Y&H Spotlight: Letter from the Executive Director
2018-2019: A Year of Growth and Success
Youth and Hope, l’Espoir pour la Jeunesse, was created in 2011 in Columbus, Ohio, by a small group of individuals passionate about education and making a difference in the lives of Mauritanian children. Youth and Hope focuses on assisting Mauritanian children that were repatriated in 2010 after deportation to Senegal due to border conflict.
These students and their parents, though brought back to their native Mauritania by the government, still live in precarious conditions and face hardship, especially in access to education. At Youth and Hope, we seek to empower students through education, by providing them with school supplies. While a set of school supplies may seem like a small gesture, the reality is that it can make the difference between success and failure for Mauritanian school children.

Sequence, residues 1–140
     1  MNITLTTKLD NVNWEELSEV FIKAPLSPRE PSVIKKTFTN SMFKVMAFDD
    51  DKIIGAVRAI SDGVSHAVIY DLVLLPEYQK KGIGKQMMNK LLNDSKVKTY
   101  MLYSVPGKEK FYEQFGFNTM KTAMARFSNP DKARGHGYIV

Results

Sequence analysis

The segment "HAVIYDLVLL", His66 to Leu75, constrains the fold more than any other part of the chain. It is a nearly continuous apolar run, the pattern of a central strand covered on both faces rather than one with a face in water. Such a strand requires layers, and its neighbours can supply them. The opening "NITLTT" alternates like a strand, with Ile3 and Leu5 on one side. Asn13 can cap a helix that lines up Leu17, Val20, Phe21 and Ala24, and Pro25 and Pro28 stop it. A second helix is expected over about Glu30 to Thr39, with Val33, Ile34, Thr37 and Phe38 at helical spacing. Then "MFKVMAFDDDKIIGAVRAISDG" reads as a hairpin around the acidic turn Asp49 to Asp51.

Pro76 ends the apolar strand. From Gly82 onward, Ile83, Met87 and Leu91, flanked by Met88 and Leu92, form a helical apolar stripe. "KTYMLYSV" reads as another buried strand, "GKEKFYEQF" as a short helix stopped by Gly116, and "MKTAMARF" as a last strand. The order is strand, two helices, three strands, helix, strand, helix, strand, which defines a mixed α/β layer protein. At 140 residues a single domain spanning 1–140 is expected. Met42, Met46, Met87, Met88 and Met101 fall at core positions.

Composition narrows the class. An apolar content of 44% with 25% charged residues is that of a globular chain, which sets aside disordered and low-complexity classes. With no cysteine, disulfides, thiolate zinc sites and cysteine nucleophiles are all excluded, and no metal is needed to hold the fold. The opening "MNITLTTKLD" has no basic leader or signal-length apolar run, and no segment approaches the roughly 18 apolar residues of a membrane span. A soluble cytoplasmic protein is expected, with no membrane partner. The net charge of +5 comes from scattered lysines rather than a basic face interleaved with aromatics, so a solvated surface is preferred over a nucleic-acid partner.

In 2018, after Y&H board member Chris Hemmig travelled to Goural, one of our target villages, we realized just how challenging it is for students in our program to commute to high school in neighboring towns. In some instances, students must pay 500 Old Ouguiyas, or about $1.30, in one-way taxi fare to get to schools which too far to walk. That cost is out of reach for many families and thus prohibits students from attending secondary school.
We came to a crossroads: what good are school supplies if the student cannot get to school to use them?
Going the Extra Mile for Education
In order to take our support a step further and respond to this challenge, we piloted a stipend program to assist our students with the cost of commuting to high school.
In December 2018, we established a partnership with the Sahel Foundation to launch our first ever stipend program in Goural and we are happy to announce that it was a great success!